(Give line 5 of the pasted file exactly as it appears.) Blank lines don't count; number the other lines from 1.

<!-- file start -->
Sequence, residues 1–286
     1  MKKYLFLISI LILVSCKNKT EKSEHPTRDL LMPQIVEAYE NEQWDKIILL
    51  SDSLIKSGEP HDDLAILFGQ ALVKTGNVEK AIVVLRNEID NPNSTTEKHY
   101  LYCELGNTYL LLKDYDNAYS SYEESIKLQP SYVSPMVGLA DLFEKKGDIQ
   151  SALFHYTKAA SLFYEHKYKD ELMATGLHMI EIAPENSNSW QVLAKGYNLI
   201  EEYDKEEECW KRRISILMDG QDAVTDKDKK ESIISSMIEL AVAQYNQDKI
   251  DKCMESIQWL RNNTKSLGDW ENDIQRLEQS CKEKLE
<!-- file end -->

   151  SALFHYTKAA SLFYEHKYKD ELMATGLHMI EIAPENSNSW QVLAKGYNLI